Spillway at Conn Creek Dam, Lake Hennessey

The Conn Creek Dam spillway at Lake Hennessey kicked up a giant plume from a major rainstorm in January. The dam, which feeds Napa’s main city reservoir, received a “fair” rating, second highest of four rungs, in a statewide survey released last week by the California Division of Safety of Dams.

J.L. Sousa, Register file photo

Evaluators with the state Division of Safety of Dams listed Conn Creek Dam at Lake Hennessey in “fair” condition in the report, which the agency published Friday. The 125-foot-tall earthwork structure guards a 31,000-acre-foot reservoir that has formed Napa’s main year-round water source since its completion seven decades ago.

A dam rated “satisfactory,” the highest of four rungs, has no current or potential deficiencies and is expected to hold up under all water loading and seismic conditions, according to the report.

By contrast, a dam in “fair” condition is considered adequate for a normal water load but may be vulnerable to “rare or extreme hydrologic and/or seismic events. Such a structure also may be downgraded if it has a longstanding deficiency not being addressed quickly, or if operating the reservoir at a lower level does not reduce that weakness,” authors said.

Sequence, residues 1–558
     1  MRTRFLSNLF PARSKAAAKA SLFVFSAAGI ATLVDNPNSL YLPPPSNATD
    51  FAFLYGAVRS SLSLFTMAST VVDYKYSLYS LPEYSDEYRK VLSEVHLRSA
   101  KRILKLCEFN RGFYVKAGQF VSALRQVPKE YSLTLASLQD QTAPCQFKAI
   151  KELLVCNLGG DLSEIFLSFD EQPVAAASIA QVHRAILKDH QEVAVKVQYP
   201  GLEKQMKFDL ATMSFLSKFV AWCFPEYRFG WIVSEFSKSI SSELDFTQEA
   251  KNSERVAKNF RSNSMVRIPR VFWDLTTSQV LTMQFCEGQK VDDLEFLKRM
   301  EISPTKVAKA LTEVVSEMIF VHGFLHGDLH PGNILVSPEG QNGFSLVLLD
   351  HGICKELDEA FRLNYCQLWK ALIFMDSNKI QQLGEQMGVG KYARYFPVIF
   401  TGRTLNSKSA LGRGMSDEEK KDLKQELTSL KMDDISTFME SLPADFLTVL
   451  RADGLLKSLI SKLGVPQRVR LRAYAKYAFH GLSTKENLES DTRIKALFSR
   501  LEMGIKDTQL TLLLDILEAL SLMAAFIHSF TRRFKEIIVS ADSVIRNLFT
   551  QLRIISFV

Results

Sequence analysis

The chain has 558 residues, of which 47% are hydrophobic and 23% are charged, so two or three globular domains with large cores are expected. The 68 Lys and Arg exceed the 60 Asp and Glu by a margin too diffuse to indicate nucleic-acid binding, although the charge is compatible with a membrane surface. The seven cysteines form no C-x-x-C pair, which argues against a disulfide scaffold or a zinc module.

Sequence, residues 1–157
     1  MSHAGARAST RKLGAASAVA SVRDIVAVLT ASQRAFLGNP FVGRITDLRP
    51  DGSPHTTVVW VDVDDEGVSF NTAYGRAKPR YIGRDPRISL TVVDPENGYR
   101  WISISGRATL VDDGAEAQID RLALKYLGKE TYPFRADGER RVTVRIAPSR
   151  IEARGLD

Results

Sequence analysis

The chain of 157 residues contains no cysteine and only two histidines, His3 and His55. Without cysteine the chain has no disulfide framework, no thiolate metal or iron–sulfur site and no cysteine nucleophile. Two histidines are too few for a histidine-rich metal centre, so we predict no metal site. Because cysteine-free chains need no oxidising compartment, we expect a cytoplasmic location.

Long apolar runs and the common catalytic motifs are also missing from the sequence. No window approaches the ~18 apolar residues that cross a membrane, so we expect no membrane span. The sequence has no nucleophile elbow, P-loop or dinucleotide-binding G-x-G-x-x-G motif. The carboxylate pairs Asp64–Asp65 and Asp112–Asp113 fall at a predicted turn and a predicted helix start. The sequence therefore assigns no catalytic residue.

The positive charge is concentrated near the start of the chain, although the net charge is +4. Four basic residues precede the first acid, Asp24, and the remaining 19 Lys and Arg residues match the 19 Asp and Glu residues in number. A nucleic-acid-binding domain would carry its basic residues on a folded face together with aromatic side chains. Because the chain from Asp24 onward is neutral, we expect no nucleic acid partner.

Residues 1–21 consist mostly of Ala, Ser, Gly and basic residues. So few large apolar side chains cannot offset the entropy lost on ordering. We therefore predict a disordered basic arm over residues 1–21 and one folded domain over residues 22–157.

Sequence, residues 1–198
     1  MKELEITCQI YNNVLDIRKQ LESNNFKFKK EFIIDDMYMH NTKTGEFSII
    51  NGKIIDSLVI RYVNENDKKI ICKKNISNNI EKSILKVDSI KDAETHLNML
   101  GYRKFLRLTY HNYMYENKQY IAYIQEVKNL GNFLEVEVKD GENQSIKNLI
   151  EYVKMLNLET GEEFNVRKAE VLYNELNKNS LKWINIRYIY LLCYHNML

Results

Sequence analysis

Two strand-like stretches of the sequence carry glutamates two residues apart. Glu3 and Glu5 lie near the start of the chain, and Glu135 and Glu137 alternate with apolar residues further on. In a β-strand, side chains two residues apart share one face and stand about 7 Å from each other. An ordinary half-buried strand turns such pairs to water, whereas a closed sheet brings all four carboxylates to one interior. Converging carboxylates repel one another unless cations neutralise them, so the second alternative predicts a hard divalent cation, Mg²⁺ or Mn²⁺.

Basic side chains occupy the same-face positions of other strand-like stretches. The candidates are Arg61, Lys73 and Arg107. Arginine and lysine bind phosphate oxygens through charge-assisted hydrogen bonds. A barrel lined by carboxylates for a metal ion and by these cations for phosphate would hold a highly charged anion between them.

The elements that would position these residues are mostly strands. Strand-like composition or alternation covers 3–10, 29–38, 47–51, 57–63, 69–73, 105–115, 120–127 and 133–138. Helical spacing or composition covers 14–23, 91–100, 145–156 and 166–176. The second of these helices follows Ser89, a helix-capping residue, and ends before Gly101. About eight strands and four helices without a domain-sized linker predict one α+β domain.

Conn Creek Dam also was rated as having an “extremely high” hazard for downstream damage in case of a structural failure, although the report added that downstream risk is not related to a dam’s condition.

The St. Helena’s lower reservoir dam, a 44-foot earthwork built in 1878, also received the state’s second-best “fair” rating. This dam is used to impound non-drinkable water that St. Helena sells to agricultural customers.

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